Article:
From a workforce point of view, there is a need to focus more on emerging digital skills and strategic use of emerging technologies including artificial intelligence and robotics. This also includes increasing the organization's data literacy, with appropriate training and recruitment strategies, to drive more value from prescriptive and predictive analytics.
3. A connected enterprise
Supply chains should be both customer-centric and supplier-centric. They need to become more agile in understanding and meeting rising customer expectations and demands, e.g. access to information around lead times and 'real time' delivery. But also continue making investments in technology, digital capabilities and data to connect the front, middle and back offices, including by moving to an 'as-a-service' model for supply chain platforms in order to increase communication and integration with their internal and external customers, and suppliers.
So, with these in mind, where do we start? KPMG in Canada helps organizations transform their supply chains with digitization. It's not about picking one technology and seeing how to make it work, it's about taking a step back and focusing on the overall approach. This means defining the business goals and having the right governance, people, ecosystem and partners.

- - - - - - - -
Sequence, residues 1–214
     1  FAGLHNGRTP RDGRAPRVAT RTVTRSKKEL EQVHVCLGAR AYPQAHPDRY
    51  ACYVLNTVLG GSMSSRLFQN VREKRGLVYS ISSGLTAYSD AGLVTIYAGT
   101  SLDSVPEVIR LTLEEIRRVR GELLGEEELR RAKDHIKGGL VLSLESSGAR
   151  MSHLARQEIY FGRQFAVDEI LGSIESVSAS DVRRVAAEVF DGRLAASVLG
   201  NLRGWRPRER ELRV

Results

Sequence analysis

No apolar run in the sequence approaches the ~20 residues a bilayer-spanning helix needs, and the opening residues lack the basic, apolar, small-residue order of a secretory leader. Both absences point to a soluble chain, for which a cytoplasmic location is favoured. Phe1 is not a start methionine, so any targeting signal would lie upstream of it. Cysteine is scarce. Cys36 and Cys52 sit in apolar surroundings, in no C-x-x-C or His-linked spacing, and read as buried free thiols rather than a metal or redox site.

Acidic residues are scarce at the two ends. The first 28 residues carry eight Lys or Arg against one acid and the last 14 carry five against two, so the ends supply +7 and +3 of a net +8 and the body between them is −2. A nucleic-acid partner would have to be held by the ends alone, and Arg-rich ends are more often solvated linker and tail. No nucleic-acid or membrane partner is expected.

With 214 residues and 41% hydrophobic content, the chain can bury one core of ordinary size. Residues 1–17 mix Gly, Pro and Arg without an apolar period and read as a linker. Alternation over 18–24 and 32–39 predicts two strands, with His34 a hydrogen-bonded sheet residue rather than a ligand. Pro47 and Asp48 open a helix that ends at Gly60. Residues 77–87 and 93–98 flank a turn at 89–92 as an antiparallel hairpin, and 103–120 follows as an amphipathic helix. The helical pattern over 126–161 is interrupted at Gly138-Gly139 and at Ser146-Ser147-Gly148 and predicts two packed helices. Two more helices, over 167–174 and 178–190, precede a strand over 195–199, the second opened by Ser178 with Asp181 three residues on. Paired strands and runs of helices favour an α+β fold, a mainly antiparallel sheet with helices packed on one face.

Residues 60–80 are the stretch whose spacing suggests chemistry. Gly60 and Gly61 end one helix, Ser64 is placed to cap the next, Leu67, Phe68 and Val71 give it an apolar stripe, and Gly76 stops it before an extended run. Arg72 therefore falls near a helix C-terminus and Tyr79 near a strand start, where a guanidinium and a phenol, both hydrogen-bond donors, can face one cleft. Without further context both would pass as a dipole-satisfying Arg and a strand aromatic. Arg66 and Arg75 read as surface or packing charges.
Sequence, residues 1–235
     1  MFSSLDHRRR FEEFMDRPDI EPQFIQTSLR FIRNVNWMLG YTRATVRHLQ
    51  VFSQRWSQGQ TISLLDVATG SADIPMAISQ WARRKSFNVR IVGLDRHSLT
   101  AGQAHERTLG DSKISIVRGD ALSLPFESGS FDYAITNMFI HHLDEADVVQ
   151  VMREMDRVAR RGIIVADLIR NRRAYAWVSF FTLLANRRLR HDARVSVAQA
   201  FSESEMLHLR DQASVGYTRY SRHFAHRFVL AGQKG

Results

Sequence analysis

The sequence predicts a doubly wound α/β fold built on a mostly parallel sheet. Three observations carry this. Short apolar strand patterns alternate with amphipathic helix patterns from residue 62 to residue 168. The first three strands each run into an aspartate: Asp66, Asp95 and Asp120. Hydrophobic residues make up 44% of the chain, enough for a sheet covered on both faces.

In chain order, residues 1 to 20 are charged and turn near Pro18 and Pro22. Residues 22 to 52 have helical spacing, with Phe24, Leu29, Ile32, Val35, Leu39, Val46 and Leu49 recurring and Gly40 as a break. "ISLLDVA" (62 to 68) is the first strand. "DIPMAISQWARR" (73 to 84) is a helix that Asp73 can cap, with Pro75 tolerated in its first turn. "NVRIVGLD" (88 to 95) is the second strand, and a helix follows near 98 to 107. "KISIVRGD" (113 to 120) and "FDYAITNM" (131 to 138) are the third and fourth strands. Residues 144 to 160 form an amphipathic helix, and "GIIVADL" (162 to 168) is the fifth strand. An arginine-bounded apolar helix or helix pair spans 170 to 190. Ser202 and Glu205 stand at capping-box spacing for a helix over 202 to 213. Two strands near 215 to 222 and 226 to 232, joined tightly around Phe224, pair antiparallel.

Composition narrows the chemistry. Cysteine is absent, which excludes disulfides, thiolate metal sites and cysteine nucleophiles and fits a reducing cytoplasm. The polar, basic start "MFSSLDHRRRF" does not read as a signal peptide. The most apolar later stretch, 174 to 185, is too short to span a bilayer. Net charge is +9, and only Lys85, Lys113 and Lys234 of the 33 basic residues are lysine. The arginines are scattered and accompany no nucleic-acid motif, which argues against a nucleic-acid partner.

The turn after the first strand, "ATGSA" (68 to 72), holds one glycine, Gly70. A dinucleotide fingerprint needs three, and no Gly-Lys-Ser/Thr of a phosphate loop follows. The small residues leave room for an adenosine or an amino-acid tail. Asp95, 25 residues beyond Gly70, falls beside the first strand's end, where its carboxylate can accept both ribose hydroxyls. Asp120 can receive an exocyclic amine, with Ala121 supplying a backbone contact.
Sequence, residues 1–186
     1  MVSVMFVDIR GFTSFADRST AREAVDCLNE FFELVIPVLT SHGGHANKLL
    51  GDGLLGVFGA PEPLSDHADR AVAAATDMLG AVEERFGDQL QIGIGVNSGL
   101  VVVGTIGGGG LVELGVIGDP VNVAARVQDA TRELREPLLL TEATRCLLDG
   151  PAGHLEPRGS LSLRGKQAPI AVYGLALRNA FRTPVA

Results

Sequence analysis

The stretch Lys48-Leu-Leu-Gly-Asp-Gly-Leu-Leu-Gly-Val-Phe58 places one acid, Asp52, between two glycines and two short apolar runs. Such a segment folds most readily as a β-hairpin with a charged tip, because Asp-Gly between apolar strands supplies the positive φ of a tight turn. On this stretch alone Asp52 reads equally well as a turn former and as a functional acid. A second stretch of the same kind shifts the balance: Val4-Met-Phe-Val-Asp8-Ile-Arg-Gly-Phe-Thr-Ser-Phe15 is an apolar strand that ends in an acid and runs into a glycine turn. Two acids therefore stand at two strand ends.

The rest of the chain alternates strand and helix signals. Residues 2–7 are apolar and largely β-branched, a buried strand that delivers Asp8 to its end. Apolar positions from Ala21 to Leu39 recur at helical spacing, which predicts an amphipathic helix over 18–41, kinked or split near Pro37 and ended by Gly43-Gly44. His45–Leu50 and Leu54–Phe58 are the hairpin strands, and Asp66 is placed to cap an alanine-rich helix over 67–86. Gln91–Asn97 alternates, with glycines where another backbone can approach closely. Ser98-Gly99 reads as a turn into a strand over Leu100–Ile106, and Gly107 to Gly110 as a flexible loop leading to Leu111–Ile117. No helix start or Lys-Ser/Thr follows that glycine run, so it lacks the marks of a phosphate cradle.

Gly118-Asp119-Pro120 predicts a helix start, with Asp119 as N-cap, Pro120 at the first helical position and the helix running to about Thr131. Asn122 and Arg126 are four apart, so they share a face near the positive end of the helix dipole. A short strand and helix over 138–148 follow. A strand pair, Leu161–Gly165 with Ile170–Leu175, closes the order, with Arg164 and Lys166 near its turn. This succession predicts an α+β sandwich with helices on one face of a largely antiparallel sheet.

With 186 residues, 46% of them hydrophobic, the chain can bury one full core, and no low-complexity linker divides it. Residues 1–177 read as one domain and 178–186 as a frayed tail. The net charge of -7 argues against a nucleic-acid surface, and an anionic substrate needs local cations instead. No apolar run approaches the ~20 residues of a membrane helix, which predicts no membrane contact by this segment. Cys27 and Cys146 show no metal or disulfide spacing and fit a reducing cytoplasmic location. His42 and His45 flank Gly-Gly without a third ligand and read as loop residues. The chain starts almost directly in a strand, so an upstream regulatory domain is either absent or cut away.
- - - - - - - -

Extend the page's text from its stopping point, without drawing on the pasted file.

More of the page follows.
Five steps to digitize supply chains
We recommend five steps to digitize supply chains, from understanding what needs to be done to carrying out changes with staff and partner organizations.
- Define digital: with the aims of making processes frictionless and decisions effortless.
- Start with performance: this includes selecting the metrics you are trying to improve, then considering which technologies will enable this.
- Focus on return on investment: this can involve 'smart sequencing' of projects so you prioritize those which provide a rapid payback.
- Develop your people: digital supply chains involve human decision-making supported by artificial intelligence and machine learning technologies, and this means creating new roles among supply chain practitioners, including data scientists and customer experience consultants.
- Partner for success: digitization requires an ecosystem which must be built with partners. While organizations must protect the security of their data and intellectual property, it is important to involve employees, service providers and other partners in taking full advantage of opportunities to transform supply chains.
COVID-19 has emphasized the importance of supply chains both to executives and the public, raising expectations but providing opportunities for changes that allow such expectations to be met and exceeded.
There are certainly many complexities within each of the elements outlined above, and our team of supply chain, operations and technology specialists are ready to work with you on defining what this means for enabling your organization's supply chain. Contact us to find out more, we're here to help.